www.ushmm.org /outreach/glossary.htm   (1808 words)

 Chelmno, one of six Nazi extermination centers in Poland
The camp was used for the mass murder of Jews who lived in the Western Polish provinces which had been annexed by the Third Reich.
The extermination camp at Chelmno was a typical death camp, a place designed exclusively for killing all who where brought there.
The Sonderkommando oversaw the extermination process in the camp as well as in the work in the nearby forest where the corpses were burnt and buried.
www.cympm.com /chelmno.html   (822 words)

 Extermination Camps in Poland - Map   (Site not responding. Last check: 2007-10-22)
Extermination camps were killing centers designed to carry out genocide.
The overwhelming majority of the victims of the extermination camps were Jews.
An estimated 3.5 million Jews were killed in these six extermination camps as part of the "Final Solution." Other victims included Roma (Gypsies) and Soviet prisoners of war.
www.jewishvirtuallibrary.org /jsource/Holocaust/extcamps.html   (105 words)

 A Teacher's Guide to the Holocaust: Camps
In comparison to the other extermination camps, Chelmno was technologically primitive, employing carbon monoxide gas vans as the main method of killing.
In the last period of the Nazi regime (1942-45), prisoners of concentration camps were forced to work in the armament industry, as more and more Germans were fighting in the war.
At first a labor camp for Poles and a POW camp for Russians, it was classified as a concentration camp in April 1943.
fcit.coedu.usf.edu /holocaust/timeline/camps2.htm   (2135 words)

 The six Nazi extermination centers in Poland during WW II
The six Nazi extermination centers in Poland during WW II Nazi extermination camps and squads
       A Vernichtungslager - extermination camp consisted of a complex of barracks, gas chambers, cre- matoria, and work centers specifically built for mass annihilation of undesired persons in Germany and in the conquered territories who were considered to be a threat to the Third Reich.
According to the historian Raul Hilberg, these mobile killing units were responsible for the murder of 1.4 million east-European Jews between 1941 and the end of the war, May 1945.
www.cympm.com /extermination.html   (297 words)

 Australian Memories Of The Holocaust
By 1942 extermination facilities had been installed at the existing camps of Belzec, Sobibor, Treblinka, Majdanek and Auschwitz-Birkenau.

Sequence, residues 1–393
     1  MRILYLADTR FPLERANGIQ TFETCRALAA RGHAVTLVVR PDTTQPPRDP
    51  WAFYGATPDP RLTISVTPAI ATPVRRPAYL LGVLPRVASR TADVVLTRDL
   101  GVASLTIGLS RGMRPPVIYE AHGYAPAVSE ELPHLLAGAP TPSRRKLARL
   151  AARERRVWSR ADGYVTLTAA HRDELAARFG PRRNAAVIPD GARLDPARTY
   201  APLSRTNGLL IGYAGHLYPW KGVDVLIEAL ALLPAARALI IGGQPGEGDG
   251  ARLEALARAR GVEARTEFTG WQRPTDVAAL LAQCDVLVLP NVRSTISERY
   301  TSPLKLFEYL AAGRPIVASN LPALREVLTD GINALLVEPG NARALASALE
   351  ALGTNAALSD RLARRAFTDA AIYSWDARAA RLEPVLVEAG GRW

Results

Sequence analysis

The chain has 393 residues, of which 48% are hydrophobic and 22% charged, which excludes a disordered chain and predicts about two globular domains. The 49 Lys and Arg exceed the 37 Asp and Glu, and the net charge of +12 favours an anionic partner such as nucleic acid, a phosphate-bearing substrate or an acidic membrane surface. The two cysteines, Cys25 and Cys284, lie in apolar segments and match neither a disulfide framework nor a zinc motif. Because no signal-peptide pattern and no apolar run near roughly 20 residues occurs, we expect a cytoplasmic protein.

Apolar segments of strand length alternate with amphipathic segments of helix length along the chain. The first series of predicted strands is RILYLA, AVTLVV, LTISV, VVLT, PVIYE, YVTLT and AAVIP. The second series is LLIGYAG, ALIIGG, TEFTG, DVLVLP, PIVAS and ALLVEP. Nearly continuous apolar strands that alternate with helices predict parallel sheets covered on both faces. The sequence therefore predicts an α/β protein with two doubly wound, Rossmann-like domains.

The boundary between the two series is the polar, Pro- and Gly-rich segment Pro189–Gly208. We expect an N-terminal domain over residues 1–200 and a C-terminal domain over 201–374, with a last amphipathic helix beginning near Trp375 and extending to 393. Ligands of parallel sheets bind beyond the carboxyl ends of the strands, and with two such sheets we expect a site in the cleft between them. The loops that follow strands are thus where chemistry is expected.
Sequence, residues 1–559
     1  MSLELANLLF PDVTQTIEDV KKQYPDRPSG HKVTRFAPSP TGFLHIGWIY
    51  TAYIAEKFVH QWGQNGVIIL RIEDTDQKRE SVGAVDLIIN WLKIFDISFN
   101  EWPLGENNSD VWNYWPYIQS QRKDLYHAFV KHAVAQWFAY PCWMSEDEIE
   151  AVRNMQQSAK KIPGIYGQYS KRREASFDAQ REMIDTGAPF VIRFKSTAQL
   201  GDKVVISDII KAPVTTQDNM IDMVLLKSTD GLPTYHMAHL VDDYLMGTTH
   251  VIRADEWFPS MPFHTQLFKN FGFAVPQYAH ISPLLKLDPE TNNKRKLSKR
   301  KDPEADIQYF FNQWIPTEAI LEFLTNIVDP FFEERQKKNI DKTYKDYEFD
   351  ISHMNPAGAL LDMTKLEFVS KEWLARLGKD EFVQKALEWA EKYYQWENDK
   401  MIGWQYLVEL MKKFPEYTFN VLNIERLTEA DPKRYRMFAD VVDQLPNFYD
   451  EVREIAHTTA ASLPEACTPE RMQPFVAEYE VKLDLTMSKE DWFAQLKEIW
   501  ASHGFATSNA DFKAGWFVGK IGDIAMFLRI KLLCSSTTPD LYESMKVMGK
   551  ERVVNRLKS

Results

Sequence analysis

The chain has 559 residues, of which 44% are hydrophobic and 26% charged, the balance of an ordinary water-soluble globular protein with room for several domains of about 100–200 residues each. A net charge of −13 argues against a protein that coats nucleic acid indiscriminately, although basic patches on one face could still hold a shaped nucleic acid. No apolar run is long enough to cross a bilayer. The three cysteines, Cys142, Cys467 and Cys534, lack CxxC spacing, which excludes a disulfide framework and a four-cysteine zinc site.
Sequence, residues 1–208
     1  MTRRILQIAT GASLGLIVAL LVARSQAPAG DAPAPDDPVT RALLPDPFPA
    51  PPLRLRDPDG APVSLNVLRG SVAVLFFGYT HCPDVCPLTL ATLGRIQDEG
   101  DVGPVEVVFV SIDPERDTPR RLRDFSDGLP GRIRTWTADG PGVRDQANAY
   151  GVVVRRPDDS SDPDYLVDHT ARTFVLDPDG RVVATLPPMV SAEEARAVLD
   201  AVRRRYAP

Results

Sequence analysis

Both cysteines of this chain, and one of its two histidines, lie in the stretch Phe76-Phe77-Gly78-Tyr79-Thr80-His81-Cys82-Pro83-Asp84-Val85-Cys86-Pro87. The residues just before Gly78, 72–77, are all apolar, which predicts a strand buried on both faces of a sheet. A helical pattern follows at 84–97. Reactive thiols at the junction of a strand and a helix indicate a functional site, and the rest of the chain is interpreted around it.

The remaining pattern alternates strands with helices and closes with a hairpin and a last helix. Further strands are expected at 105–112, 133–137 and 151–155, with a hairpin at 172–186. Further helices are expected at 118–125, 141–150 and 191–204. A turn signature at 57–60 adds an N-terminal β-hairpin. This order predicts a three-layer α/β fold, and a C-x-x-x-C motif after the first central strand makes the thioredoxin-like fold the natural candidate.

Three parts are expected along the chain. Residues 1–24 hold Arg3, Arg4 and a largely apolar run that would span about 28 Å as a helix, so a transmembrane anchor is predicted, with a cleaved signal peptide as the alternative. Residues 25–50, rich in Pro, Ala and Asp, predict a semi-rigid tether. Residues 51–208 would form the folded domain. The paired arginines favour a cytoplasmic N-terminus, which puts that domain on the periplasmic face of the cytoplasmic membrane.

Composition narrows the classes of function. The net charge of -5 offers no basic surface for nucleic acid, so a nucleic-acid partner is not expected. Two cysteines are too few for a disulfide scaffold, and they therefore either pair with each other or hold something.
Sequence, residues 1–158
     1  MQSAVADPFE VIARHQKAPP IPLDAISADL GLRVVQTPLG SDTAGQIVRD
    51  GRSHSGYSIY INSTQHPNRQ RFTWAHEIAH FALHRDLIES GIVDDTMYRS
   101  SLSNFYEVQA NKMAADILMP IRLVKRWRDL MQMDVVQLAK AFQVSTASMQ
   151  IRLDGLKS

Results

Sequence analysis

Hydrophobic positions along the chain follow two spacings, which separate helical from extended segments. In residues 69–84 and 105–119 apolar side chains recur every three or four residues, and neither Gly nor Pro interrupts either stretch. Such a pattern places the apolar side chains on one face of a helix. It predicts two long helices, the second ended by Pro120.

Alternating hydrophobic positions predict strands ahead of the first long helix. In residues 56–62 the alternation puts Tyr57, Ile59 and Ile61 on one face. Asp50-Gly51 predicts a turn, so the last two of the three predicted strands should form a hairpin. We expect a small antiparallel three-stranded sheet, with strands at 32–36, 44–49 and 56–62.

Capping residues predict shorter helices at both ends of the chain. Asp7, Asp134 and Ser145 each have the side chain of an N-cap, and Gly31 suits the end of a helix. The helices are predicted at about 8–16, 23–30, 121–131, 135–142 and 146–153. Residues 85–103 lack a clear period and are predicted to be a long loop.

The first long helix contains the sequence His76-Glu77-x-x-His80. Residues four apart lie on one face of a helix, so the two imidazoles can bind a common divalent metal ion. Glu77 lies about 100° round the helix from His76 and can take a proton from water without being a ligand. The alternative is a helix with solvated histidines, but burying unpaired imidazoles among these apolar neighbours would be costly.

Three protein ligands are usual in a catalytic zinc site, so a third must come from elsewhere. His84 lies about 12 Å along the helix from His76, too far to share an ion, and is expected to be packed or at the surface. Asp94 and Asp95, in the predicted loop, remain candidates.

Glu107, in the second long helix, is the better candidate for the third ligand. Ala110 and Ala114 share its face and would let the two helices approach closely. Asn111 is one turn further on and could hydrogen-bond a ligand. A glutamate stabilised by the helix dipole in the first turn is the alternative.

60% died as a result of conditions in the camp and 40% were gassed or shot.
Auschwitz I was a concentration camp established in 1940; Auschwitz II, also known as Birkenau, was built in 1941; and Auschwitz III was built in 1942.
www.holocaust.com.au /mm/c_death.htm   (709 words)

 Shofar FTP Archives: camps/auschwitz/non-extermination-camps
Archive/File: people/g/goldhagen.daniel.jonah/non-extermination-camps Lasr-Modified: 1996/07/12 "THE FIRST FACET of the camp system consisted of the obvious instrumental ends for which camps were used.
The monthly death rate for Jews in Mauthausen was, from the end of 1942 to 1943, 100 percent.
Mauthausen was not formally an extermination camp and, indeed, it was not for non-Jews, who at the end of 1943 all had a mortality rate below 2 percent.[31] Camps housing Jews did so on a temporary basis, because the Germans had consigned all Jews to death.
www.vex.net /~nizkor/ftp.cgi/camps/ftp.py?camps/auschwitz/non-extermination-camps   (245 words)

 Extermination camps or work camps? - Stormfront White Nationalist Community   (Site not responding. Last check: 2007-10-22)
Joseph Matzner survived typhoid fever in a filthy Jewish ghetto, the horrors of five concentration camps, and the Holocaust's infamous Death March in which thousands perished or were killed.
Interesting, the Jews were there to be "exterminated" and yet this guy was sent to 5 "death camps".
Point is, the "extermination story" of the Jews is a pile of bunk.
www.stormfront.org /forum/showthread.php?t=97568   (256 words)